A warship carrying about 330 people — including James Stuart, future King of England — ran aground and sank on May 6, 1682. Now the shipwreck’s location has finally been revealed off the coast of England 340 years later.
When the HMS Gloucester sank, it became half buried in the seabed. There was no formal passenger manifest, but it’s estimated that 130 to 250 crew and passengers drowned.
Stuart, who would be crowned James II as King of England and King of Ireland and James VII as King of Scotland almost three years later, was nearly one of those casualties.
At the time of the calamity, the then-Duke of York was a Catholic heir to the Protestant throne during a time of both political and religious tension. His near miss stands out in British history, as does the significant loss of life.
“Because of the circumstances of its sinking, this can be claimed as the single most significant historic maritime discovery since the raising of the Mary Rose in 1982,” Claire Jowitt, professor of English and history at the University of East Anglia in the United Kingdom, said in a statement.
“The discovery promises to fundamentally change understanding of 17th-century social, maritime and political history.”
Artifacts have already been collected and conserved from the site, such as clothing, shoes, navigational and naval equipment, and lots of wine bottles — including some that remain unopened.
One of the wine bottles bears a glass seal with the crest of George Washington’s ancestors, the Legge family. And that crest’s design preceded the US Stars and Stripes.
An exhibition including finds from the shipwreck will open in the spring at the Norwich Castle Museum & Art Gallery. Jowitt is cocurator of the exhibit and author of a new study about the shipwreck.
The discovery of the shipwreck has just been announced, but it was initially found in 2007. The delay was caused by the time necessary to confirm the ship’s identity and protect the at-risk site, located in international waters off the Norfolk coast.
Historic England, a public body of the British government that oversees England’s historic sites, will protect the shipwreck.
Seeking a shipwreck
Brothers Julian and Lincoln Barnwell decided to search for the ship after taking inspiration from watching the raising of the Mary Rose wreck on television as kids. The brothers are printers in Norfolk as well as licensed divers and honorary fellows at the University of East Anglia’s School of History.
The Barnwell brothers and their late father, Michael, along with friend and fellow diver and former Royal Navy submariner James Little, found the shipwreck after searching for four years. The Gloucester was split down the keel, with parts of the hull still submerged in the sand.
“It was our fourth dive season looking for Gloucester,” Lincoln Barnwell said in a statement. “We were starting to believe that we were not going to find her, we’d dived so much and just found sand. On my descent to the seabed the first thing I spotted were large cannons laying on white sand, it was awe-inspiring and really beautiful. We were the only people in the world at that moment in time who knew where the wreck lay.”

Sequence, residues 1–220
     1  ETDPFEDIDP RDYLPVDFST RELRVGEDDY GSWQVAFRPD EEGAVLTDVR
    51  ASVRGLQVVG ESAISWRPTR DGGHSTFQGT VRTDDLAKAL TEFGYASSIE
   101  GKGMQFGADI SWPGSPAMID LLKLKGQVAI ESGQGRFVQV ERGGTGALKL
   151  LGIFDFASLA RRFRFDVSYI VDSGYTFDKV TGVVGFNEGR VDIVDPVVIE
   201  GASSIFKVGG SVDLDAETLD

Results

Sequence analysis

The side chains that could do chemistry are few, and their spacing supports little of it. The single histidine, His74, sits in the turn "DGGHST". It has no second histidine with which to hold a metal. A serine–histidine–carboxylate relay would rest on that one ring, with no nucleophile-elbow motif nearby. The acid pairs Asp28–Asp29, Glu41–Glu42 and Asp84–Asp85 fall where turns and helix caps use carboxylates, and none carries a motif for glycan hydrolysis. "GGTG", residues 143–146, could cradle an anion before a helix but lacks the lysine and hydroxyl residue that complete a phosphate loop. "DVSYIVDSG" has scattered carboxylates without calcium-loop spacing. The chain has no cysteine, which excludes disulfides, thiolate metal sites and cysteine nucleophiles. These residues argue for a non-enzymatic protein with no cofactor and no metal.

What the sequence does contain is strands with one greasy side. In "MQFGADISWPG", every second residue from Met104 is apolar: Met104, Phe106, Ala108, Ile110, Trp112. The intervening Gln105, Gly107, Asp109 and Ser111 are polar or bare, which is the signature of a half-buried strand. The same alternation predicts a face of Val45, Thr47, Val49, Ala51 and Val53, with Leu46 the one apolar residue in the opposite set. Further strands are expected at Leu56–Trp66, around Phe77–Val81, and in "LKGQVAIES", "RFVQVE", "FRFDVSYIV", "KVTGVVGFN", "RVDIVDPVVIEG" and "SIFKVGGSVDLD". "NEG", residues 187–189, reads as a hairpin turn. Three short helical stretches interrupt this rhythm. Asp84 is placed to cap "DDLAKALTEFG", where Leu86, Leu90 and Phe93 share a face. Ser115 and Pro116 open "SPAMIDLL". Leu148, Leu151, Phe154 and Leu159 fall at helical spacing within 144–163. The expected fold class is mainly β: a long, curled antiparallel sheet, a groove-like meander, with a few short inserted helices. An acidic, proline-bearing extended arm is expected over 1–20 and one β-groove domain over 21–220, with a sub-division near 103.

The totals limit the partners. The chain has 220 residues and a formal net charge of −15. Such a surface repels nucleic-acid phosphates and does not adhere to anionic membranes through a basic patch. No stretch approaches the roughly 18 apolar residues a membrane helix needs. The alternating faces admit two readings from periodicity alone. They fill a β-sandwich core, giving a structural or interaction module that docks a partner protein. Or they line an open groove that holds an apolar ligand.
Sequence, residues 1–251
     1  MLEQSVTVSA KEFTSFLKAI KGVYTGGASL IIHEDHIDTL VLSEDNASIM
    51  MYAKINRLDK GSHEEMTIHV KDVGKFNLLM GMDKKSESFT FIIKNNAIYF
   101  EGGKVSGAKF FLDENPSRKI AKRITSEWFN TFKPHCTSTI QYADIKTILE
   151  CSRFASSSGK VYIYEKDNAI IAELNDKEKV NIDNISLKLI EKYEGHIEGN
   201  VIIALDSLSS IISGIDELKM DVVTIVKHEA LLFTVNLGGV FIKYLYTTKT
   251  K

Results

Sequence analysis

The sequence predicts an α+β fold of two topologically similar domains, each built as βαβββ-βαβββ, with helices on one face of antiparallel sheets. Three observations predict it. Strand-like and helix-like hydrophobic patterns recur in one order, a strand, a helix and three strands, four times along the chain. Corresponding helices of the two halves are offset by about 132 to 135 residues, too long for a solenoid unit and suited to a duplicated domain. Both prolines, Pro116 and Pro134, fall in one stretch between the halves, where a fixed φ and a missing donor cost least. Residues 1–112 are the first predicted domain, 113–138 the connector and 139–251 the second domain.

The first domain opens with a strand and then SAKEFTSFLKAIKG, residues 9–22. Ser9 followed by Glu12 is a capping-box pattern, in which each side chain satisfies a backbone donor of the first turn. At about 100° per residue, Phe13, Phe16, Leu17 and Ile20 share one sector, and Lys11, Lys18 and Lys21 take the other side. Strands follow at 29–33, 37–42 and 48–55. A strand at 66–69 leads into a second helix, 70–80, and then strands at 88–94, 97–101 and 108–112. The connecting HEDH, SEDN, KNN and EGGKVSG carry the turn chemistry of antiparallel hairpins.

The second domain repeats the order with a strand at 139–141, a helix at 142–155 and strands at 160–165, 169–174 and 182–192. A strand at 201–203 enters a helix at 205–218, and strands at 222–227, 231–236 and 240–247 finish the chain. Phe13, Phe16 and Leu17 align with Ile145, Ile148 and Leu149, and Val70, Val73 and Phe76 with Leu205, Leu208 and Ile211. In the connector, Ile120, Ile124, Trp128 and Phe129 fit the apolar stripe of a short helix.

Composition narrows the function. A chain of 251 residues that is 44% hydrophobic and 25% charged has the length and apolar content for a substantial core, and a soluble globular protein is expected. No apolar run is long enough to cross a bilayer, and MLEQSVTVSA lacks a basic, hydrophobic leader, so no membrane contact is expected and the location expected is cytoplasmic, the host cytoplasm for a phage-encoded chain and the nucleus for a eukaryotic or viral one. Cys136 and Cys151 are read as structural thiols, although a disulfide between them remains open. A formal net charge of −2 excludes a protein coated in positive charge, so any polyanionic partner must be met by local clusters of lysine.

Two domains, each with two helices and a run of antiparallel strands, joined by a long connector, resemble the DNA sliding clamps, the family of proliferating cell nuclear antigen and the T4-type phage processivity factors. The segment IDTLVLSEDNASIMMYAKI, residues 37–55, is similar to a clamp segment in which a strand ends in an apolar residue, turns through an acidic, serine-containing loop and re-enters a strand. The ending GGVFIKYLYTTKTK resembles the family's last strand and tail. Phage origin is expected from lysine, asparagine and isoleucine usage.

The ship’s bell, made in 1681, was recovered from the wreck. The Receiver of Wreck and Ministry of Defence used the bell to identify the wreck as that of the Gloucester in 2012.
A wreck with many consequences
The Gloucester first launched as a 50-gun warship in 1654, becoming a Royal Navy vessel in 1660. When it was time for the Duke of York to sail from England to Scotland to conduct royal business and fetch his daughter Anne and his very pregnant wife, Mary of Modena, in 1682, the Gloucester received the assignment. The Duke of York and his family would reside at the court of Charles II.
“It was politically advantageous for Mary’s baby to be born in England; the royal family hoped that the child would be a prince to further secure the Stuart dynasty,” Jowitt wrote in her study.
By 1682, Charles was getting older and had already suffered a stroke. Power was already transitioning to the Duke of York in some respects. Along for his voyage were prominent courtiers from England, Ireland and Scotland.
On May 6 at 5:30 in the morning, the ship ran aground 27.9 miles (45 kilometers) off the coast of Great Yarmouth. The duke, a former lord high admiral of the Royal Navy, argued with the pilot for control over the ship’s course, and they quarreled about how best to navigate Norfolk’s notoriously treacherous sandbanks.
The ship sank within an hour, and the duke delayed abandoning ship, believing it could be saved, until the last minute. Protocol dictated that others could not be evacuated before royalty, which contributed to the tragedy. By the time the duke and a boat containing his strongbox of memoirs and political documents were loaded, only one other boat was able to escape.
High-profile nobles, relatives of the duke and many of the duke’s household staff were among those who died. Only a fraction of the victims’ identities are currently known, according to Jowitt.
The Gloucester was part of a squadron of ships, so there were many eyewitnesses to the tragedy. The duke had influenced the dangerous route but accepted no responsibility for the disaster and blamed the pilot, who was imprisoned.
Some saw the shipwreck as a way to question the duke’s judgment under pressure and fitness to rule as a future monarch, Jowitt said. His reign was a short one, lasting from 1685 to 1688, before he was ousted during the Glorious Revolution and replaced by Protestants — his daughter Mary Stuart and her husband, William of Orange.
A historical research project accompanying the exhibition will explore the failures that led to the sinking as well as conspiracy theories about what caused the tragedy and the long political shadow it cast.